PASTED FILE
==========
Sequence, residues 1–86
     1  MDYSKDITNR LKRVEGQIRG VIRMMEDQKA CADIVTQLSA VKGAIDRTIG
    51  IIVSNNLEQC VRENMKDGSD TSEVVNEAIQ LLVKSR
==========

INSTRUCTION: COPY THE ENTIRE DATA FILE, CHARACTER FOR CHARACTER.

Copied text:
Sequence, residues 1–86
     1  MDYSKDITNR LKRVEGQIRG VIRMMEDQKA CADIVTQLSA VKGAIDRTIG
    51  IIVSNNLEQC VRENMKDGSD TSEVVNEAIQ LLVKSR